2023 Ferrari Purosangue: Everything We Know About the SUV.

2023 Ferrari Purosangue: Everything We Know About the SUV.

Whether we like it or not, Ferrari is making an SUV. Why? Because the success of vehicles such as the Rolls-Royce CullinanLamborghini Urus, and Bentley Bentayga is essentially proof that SUVs bring in big dollars. So what can we expect from the upcoming 2023 Ferrari Purosangue? And will it—heck, can it—even be a real Ferrari?

When Will The Ferrari SUV Come Out?

The Purosangue, or "thoroughbred" if you will, is due to break cover in the first half of 2022. If auto shows ever make a comeback, the Purosangue will likely make its debut at the Geneva show, which is typically scheduled for the middle of March.

What Engine Will The Ferrari Purosangue Use?

Rumor has it the Purosangue will be built on a scalable architecture that can handle a V-6, V-8, or even a V-12. Our money, however, is on Ferrari's tried and true twin-turbo 3.9-liter V-8 serving as the default setup. This engine powers a number of Ferrari models at the moment—the F8 Tributo, Roma, and Portofino - and can be tuned to produce more than 700 hp. However, we don't think the Purosangue will be powered by internal combustion alone.

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GTC4LussoEven though Ferrari went to great lengths to develop a trick all-wheel-drive system (with an independent gearbox on the front axle) for its FF and GTC4Lusso grand tourers, we think the pressure to lower emissions means the Purosangue will offer—if not come standard with—a gasoline-electric hybrid system similar to the setup of the SF90 Stradale. That means two electric motors at the front axle will motivate the front wheels, and power from the engine will be sent to the rear. The result? An all-wheel-drive plug-in hybrid SUV with a Ferrari badge on it. Sacrilege, we know.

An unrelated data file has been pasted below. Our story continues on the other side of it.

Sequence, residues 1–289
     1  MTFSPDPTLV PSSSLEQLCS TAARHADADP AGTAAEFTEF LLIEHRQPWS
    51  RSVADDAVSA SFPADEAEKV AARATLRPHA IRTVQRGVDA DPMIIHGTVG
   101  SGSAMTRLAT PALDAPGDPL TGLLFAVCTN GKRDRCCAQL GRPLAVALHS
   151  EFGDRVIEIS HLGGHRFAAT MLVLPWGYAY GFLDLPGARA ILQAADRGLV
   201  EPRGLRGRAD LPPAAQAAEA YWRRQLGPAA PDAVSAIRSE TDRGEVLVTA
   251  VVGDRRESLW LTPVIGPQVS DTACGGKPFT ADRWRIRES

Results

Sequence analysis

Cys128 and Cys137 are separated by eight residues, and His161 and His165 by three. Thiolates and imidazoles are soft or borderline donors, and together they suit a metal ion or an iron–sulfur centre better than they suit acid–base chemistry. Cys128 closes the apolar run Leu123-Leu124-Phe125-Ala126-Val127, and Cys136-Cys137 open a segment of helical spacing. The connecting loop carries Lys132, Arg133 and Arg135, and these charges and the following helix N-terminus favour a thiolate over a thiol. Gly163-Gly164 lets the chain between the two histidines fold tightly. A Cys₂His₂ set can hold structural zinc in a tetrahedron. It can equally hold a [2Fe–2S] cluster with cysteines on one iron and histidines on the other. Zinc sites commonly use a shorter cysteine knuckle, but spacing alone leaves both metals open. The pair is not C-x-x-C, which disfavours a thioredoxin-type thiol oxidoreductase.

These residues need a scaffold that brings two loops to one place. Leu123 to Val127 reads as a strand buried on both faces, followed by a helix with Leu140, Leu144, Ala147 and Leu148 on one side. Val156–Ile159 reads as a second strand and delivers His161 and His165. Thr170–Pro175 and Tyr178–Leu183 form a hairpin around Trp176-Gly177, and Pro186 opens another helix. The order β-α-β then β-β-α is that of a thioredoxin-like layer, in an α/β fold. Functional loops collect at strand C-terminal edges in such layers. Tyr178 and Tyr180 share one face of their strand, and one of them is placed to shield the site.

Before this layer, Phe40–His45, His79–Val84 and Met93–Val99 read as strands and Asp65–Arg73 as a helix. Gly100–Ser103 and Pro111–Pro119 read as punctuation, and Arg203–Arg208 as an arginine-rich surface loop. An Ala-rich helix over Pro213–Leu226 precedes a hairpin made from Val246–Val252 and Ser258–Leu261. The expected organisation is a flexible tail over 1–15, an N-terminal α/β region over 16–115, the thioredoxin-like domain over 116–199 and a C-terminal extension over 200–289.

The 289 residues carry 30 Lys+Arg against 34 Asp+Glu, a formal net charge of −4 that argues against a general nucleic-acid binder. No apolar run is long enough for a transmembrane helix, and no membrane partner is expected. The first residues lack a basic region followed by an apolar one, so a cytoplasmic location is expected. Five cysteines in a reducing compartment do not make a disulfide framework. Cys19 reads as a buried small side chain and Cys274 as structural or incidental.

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the SF90 Stradale.How Big Will The Ferrari SUV Be?

We think the Purosangue will be a four-seat SUV that's similar in size to the Aston Martin DBX and Lamborghini Urus. Expect a wheelbase of just under 120 inches and an overall length of around 195 inches—figures that closely follow those of the Maserati Levante. Ferrari will no doubt want this car to drive like its sports cars. Given that extra size and heft are the antithesis of driving purity, Ferrari likely views keeping the Purosange's size and heft to a minimum as a must.

Will The Purosangue Handle Like A Ferrari?

Well, if Ferrari has anything to say about it, yes. The electric motors in the SF90 can already vector torque independently, much like the current Acura NSX. Massive wheels and sticky rubber will almost certainly help the Purosangue put its power to the ground, as well.

Source: MotorTrend